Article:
However, when there is inadequate or insufficient information, it is good practice to share this risk to some extent by limiting or capping the exposure of the private partner. This is based on the principle of unforeseen events and materiality or significance. If a defect arises and was not reasonably foreseeable according to good professional practice, and as long as it has an adverse significant impact, this will be shared or partially compensated by the authority. It will be treat the event as a compensation event in the contract.
When this risk is entirely allocated to the private party, the authority should transfer the rights for claiming against previous contractors (when available), or it should otherwise commit to take the necessary actions to claim against previous contractors and grant the potential compensation received to the private partner.
Archaeological findings may cause significant impacts in terms of project cost and time.
- They may severely affect the project if, for example, a change in the route is necessary.
- They may require works to preserve, protect, or relocate the findings.
- The works will be paralyzed until a detailed assessment is done, which may cause great delays (as long as the finding impacts the critical path of construction).
When archaeological findings are a significant risk at the particular project site, it is essential that the authority develops archaeological site studies (archaeological maps), including digging tests, in the course of its preparatory activities (see chapter 4) so as to anticipate as far as possible the occurrence of construction-adverse findings.
The allocation of the actual risk of the such an occurrence that is, findings that were not anticipated or unanticipated impacts of such findings (for example, it being necessary to deviate the route of a road), varies significantly depending on the country practice and legal framework.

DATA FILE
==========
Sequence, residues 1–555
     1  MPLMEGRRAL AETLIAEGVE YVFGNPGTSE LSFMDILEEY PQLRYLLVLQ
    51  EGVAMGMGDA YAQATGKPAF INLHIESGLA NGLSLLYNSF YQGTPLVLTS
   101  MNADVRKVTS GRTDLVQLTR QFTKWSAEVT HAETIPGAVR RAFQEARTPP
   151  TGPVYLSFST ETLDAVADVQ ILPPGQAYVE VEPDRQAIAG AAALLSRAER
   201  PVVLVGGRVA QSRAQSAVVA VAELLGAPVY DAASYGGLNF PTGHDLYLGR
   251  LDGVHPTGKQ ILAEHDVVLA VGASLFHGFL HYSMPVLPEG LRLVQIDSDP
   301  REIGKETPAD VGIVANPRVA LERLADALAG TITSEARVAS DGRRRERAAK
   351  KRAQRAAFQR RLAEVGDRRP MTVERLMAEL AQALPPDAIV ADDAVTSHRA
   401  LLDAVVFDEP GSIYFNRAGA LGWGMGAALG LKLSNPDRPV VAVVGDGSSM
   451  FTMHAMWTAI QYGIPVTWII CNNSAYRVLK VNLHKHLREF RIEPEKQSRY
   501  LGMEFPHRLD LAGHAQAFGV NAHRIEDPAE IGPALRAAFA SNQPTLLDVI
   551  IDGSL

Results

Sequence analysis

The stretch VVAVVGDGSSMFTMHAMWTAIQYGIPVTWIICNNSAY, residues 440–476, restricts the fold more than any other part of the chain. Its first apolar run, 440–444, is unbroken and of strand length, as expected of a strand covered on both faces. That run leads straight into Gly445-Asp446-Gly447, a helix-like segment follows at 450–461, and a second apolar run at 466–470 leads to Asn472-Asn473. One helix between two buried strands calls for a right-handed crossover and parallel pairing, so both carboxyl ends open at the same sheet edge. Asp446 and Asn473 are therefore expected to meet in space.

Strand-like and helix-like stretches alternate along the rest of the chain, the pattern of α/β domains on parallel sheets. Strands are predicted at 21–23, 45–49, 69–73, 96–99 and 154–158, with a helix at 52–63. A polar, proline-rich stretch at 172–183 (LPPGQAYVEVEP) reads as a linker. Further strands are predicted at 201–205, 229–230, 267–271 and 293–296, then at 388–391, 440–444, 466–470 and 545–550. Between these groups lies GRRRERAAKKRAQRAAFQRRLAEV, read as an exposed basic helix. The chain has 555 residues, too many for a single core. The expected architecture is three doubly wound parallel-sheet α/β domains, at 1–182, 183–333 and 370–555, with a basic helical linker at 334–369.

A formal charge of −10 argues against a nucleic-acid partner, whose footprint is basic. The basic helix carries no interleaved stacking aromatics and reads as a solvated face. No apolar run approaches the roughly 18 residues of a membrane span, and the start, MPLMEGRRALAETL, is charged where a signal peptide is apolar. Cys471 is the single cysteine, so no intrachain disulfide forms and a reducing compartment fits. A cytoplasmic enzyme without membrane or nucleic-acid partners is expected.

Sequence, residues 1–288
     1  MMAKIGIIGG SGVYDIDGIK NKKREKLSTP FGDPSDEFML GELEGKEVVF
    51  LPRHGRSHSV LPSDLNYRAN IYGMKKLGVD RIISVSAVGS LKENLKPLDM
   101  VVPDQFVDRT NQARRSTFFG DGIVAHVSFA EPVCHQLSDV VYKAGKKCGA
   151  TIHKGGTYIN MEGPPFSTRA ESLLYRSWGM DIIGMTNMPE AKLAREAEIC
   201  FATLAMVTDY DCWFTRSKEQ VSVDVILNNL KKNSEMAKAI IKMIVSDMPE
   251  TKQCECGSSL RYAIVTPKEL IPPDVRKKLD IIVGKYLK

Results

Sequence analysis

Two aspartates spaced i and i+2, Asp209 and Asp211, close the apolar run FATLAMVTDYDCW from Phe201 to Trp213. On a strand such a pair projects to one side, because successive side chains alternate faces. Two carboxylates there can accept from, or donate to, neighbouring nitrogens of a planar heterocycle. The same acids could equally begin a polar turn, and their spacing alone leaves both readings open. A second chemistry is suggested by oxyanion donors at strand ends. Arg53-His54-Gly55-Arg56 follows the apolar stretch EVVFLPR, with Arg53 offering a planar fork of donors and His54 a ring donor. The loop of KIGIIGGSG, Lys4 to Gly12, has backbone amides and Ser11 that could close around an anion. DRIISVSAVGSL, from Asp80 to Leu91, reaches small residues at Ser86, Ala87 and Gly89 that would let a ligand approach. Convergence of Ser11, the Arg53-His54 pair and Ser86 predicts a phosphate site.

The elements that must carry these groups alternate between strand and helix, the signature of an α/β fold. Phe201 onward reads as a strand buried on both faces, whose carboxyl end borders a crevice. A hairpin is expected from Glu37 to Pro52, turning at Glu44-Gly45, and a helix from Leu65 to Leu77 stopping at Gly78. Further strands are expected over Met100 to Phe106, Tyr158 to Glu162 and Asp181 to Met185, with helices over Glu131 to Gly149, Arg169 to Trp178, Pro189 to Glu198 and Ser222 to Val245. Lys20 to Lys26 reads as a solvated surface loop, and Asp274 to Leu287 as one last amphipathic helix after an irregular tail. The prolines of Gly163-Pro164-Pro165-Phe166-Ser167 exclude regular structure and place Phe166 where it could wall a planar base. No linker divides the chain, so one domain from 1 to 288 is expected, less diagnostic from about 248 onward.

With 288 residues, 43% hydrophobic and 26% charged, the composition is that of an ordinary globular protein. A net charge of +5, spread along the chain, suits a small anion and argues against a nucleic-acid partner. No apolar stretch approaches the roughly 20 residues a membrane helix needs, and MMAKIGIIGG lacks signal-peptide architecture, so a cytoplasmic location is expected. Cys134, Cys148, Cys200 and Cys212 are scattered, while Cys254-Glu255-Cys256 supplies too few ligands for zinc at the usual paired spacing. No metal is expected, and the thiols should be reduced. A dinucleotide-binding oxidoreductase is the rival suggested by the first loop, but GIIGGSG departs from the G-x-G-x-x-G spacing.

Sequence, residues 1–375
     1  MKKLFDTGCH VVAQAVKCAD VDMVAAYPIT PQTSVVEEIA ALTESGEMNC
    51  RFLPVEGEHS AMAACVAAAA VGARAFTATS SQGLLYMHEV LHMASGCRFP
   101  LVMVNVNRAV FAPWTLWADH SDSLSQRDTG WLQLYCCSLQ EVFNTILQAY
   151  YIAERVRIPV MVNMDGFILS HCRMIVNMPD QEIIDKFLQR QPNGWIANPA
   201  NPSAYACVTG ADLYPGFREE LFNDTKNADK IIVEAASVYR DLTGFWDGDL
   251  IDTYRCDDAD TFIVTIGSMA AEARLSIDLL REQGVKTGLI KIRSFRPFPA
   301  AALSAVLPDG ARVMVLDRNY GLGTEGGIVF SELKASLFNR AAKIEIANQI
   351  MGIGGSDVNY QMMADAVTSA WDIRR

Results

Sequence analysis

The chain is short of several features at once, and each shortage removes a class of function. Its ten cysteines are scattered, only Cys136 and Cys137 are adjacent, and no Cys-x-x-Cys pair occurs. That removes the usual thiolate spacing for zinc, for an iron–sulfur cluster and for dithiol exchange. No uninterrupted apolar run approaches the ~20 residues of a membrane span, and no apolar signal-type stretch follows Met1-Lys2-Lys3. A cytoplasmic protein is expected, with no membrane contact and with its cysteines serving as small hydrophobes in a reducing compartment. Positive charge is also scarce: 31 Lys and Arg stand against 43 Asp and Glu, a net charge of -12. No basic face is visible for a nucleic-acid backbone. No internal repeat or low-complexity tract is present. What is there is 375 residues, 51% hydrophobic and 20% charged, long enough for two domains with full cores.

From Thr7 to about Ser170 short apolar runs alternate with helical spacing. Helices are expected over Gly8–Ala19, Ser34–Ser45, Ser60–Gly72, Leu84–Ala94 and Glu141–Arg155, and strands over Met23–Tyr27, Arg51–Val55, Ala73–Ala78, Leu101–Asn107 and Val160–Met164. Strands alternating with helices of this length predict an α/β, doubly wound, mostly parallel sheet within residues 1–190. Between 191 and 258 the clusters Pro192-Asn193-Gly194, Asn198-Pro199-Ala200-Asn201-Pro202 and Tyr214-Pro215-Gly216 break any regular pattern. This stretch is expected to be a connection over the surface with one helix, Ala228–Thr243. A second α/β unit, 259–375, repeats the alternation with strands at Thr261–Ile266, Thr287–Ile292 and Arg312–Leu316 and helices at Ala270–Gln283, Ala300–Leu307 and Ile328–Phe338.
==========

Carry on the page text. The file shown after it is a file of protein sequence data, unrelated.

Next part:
- It is common and good practice that the private partner is exposed to some extent, even if it is limited, to those risks. The risk is, above all, a time related risk (that is, potential delays in construction), and may be significantly mitigated by means of proper management of the construction schedule.
- It is also good practice that risks with severe impacts on the project — as long as they were not anticipated in surveys or other information available — are taken back by the public party, at least under a shared risk mechanism. For example, granting relief with respect to time delays beyond a certain delay period. This should be done on the basis of a baseline of conditions or linked, to some extent, with objective information so as to assess whether a risk was, or was not, a foreseeable event under good diligence and good practice.
This may also apply to findings related to some environmental concerns ( for example, endangered species).
This risk is usually passed through the contractor, but it is not infrequent that the contractor does not accept back-to-back transfer of the risk for unforeseeable findings.
This refers to the risk of utilities being in a different place or requiring more work than anticipated.
This risk is generally borne by the private partner. However, as in the case of environmental and archaeological risks, it is essential that the public partner mitigate the risks by investigating and assessing utility locations in advance of the contract tender.
In some contexts, especially for transportation projects in urban areas, this risk may be significant if the information on utility locations and physical state is not obtained and accessible. In these cases, it is not uncommon to share or limit the risk exposure of the private partner.
There are also other potential risks that may emerge during the Construction Phase: force majeure, changes in law, changes in services, and termination are explained in a specific heading below, as they may affect or emerge in both phases of the contract.